Found a few errors. Observations From the Deep South I’ve been blessed with the opportunity to study as a foreign exchange student in Chile this summer. The program is through my high school, and we traveled to Chile as a group of ten. At first, I was skeptical about trading my days down the Jersey Shore for seven hour school days in a country whose language I barely understand. Now in the middle of my stay, I’m so happy that I came. On the plane to Chile, I made a promise to myself that I would be completely open to everything that this culture has to offer by observing and participating. That includes trying Chilean Sea Urchins. These are spiky purple balls that are alive and you have to pry them open and then slurp the little critter as it moves around in your mouth. In short, I was terrified, but I did it. What´s really interesting about being in Chile is that even though I don’t speak Spanish, I can manage to get around in the country with ease because so many of its signs are in English. This shocks me since only 3% of the country is fluent in English (http://santiagotimes.cl/only-3-percent-of-chileans-speak-fluent-english/). When you turn on the TV, the majority shows that my Chilean host family watch are made in some English speaking country and the video games that they play all are in English with Spanish subtitles. When I’m in the car with the radio on, I can close my eyes and actually feel like I’m in the States listening to 96.5 or Q102. This may be a blessing for a traveling gringo, but its a double bladed knife. The things that some Chileans hear or see through these different sources of media may be their only exposure to American culture. Not good. Take a minute and listen to our songs on the radio. You may hear a couple of bleeps where inappropriate words are supposed to be. Chilean radios don’t censor American songs because not enough people here speak English to understand what the lyrics mean. This isn’t ideal since many American songs may contain some pretty loaded words. These are words that come with some baggage and that you can only understand if you are familiar with the history of our country. Yes I´m talking about the word forbidden N-Word. That word that may cause some awkward tension in conversation because we as a nation have yet to openly discuss race in a productive manner. But this isn’t just a Black-White thing. Songs that objectify women are not only detrimental to the millions young boys and girls growing up in the States, but this is what other countries may assume as a normal practice in the states. Basically, we are stabbing ourselves with the knife that we created. When we arrived the first day at the school we are studying at, the Chilean students were totally pumped. They screamed out that the ¨Gringos and the Nigger are here,¨ directed at one of the black students traveling with us. We stood there shocked. That`s not a cool thing to say. But as I looked at these happy students, I genuinely believe that they said this without malice. They just didn’t understand the history of this word. So we covered our initial reactions with tentative smiles and plowed through that awkward initial encounter. As the students showed off their language skills with us, we were also called ¨faggots, and queers.¨ One student asked me if ¨I had my girl wipped at home.¨ At first I was upset with these students and I continue to explain to them the implications of these words, but I’ve progressively gotten more a more appalled by our own country. We’ve created these words and are promoting them through our own popular culture at home, and subconsciously abroad. When we allow words filled with hate into our lives and our daily vocabulary, it opens the doors to prejudice and racism. America, we need to take a look into our soul and address the issues of race and prejudice in our country.Someone Please Change the Radio Station,Student Abroad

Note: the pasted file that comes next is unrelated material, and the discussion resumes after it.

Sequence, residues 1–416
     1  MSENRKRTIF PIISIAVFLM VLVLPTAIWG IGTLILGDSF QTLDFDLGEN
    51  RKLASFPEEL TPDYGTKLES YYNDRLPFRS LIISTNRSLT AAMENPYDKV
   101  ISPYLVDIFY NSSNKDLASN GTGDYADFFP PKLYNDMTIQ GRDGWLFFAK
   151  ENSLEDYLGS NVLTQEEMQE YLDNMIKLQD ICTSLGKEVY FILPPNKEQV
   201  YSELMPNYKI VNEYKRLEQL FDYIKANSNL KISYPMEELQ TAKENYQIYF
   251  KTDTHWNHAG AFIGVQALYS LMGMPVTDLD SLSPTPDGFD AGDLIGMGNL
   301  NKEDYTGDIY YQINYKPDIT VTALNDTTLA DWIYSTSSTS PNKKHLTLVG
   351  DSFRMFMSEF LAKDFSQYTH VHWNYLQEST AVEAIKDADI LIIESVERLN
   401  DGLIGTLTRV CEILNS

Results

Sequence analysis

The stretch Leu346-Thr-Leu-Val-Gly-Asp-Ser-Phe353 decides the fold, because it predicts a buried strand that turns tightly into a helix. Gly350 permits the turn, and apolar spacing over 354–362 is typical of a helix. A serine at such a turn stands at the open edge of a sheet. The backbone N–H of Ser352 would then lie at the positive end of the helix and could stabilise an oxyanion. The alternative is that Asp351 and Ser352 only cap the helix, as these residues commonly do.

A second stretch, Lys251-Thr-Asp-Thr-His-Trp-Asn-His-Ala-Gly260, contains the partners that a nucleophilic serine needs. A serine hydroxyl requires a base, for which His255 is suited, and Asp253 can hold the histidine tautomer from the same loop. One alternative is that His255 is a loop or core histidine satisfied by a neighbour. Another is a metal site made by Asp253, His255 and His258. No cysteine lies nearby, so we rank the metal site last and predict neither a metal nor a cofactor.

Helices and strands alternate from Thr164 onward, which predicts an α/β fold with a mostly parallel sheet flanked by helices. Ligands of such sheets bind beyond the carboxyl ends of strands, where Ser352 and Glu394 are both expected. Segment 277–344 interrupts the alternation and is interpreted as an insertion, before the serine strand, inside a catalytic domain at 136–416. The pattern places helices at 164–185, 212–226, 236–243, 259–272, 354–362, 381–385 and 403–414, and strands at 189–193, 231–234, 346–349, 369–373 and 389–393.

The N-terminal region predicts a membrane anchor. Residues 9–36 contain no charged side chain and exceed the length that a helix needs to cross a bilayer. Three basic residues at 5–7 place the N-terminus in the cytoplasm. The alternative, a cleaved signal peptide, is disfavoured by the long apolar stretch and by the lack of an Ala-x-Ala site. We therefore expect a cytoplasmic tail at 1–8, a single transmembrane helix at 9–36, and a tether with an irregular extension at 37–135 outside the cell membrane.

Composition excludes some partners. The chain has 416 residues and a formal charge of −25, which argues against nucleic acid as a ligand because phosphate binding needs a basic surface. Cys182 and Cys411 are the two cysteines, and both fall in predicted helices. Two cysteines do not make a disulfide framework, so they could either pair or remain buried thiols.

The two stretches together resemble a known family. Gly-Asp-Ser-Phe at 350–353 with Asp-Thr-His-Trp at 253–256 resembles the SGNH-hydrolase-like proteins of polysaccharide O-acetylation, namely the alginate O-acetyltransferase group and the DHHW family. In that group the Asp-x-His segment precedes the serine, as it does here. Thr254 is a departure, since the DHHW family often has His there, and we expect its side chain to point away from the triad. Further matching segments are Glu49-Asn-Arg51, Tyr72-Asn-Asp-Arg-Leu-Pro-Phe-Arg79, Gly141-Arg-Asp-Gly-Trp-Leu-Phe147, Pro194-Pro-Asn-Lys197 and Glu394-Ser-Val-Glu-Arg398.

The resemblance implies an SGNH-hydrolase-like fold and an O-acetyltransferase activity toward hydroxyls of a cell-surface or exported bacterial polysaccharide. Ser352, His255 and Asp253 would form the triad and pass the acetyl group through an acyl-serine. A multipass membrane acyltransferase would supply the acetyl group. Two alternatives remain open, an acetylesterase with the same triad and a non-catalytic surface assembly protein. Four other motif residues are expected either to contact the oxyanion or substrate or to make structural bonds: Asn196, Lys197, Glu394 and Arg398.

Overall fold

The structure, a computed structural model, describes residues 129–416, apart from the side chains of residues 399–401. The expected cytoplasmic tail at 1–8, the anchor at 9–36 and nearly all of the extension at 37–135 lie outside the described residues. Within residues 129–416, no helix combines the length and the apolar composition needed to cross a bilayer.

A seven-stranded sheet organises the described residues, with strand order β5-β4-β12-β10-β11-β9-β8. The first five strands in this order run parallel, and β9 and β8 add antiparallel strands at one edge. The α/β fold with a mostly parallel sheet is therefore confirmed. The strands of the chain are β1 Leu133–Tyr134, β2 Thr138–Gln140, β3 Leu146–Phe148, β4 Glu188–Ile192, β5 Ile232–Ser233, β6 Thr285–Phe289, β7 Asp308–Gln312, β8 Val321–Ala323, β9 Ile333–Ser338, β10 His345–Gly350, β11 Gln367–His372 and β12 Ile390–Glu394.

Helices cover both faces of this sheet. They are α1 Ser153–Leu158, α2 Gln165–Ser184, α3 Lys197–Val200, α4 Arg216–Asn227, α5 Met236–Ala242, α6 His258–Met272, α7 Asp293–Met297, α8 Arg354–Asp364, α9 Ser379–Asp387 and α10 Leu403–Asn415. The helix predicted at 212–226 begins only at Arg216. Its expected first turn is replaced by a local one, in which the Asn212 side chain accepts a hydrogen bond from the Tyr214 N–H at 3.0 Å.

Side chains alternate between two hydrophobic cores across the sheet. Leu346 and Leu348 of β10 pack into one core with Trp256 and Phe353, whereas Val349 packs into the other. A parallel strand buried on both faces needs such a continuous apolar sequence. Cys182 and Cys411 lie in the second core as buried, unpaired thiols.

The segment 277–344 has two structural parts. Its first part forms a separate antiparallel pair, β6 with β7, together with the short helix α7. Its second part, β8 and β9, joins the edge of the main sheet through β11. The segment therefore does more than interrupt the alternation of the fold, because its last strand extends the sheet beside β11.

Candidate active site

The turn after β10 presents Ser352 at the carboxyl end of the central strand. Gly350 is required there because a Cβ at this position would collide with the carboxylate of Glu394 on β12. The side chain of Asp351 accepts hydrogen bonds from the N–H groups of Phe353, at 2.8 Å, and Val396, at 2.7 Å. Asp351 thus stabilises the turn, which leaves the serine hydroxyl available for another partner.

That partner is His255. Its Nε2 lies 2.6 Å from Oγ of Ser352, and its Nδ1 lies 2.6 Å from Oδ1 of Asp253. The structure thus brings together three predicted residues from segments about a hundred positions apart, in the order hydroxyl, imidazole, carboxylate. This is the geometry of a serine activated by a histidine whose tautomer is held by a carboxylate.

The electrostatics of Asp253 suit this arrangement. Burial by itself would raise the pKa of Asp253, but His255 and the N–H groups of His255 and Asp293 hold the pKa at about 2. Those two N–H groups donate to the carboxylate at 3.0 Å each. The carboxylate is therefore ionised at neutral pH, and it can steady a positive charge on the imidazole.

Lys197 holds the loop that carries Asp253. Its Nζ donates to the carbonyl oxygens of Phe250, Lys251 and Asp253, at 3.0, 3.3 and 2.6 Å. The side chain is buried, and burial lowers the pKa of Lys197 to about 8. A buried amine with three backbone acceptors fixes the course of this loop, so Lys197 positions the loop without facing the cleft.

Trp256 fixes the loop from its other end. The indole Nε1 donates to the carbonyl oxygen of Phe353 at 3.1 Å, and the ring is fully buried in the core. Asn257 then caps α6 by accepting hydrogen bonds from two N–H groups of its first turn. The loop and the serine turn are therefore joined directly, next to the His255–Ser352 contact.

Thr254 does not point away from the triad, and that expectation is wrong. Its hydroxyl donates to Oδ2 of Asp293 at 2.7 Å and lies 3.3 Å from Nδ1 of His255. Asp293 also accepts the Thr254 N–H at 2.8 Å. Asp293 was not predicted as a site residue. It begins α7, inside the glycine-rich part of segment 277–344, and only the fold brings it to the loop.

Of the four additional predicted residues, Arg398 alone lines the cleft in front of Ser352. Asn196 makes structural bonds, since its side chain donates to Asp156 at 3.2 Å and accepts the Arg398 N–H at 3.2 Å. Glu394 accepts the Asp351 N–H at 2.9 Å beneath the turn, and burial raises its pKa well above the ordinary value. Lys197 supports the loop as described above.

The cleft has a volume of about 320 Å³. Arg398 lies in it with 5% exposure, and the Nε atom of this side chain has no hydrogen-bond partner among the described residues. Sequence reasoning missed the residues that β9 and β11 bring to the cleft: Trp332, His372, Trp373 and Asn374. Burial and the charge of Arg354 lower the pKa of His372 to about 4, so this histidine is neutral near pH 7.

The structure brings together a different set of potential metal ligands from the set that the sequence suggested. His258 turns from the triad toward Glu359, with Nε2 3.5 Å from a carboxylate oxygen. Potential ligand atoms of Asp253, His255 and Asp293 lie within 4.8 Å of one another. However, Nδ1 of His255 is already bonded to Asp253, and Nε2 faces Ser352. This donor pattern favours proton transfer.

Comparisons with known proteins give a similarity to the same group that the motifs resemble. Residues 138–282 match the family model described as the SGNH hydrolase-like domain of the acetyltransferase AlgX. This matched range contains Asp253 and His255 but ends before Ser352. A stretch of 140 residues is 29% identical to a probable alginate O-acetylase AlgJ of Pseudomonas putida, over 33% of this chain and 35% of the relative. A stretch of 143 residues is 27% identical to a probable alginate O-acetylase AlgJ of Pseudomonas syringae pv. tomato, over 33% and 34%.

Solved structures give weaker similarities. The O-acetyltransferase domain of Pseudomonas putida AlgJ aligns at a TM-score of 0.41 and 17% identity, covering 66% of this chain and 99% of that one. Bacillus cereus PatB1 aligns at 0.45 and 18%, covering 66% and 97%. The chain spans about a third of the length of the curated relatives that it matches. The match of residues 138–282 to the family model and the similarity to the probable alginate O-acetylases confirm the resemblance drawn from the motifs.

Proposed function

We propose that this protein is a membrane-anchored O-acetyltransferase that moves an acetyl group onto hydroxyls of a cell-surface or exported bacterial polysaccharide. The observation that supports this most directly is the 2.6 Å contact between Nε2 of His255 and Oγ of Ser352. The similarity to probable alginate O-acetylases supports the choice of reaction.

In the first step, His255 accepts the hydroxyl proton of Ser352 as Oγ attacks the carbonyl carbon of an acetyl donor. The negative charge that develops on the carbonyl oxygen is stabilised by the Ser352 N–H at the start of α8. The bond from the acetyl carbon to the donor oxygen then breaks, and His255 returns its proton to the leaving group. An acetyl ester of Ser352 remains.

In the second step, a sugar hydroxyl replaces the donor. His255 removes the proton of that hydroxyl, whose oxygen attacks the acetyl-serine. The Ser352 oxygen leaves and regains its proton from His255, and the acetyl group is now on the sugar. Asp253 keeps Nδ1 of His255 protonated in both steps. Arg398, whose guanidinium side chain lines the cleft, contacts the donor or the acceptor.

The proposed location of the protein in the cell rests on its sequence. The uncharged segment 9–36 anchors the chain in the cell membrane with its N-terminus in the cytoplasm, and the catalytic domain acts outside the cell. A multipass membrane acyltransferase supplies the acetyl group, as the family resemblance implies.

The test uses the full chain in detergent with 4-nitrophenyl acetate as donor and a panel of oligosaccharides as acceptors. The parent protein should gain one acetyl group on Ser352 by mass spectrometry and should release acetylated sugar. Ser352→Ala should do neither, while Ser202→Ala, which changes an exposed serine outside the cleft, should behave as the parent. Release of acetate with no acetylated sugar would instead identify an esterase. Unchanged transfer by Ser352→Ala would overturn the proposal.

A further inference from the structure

PAT Urbine

    From: paturbine@hotmail.com To: comment+pyqat1m75u_3vg_7tx4-5lm@comment.wordpress.com Subject: RE: [New post] City of Brotherly Love Date: Thu, 3 Jul 2014 09:50:34 -0400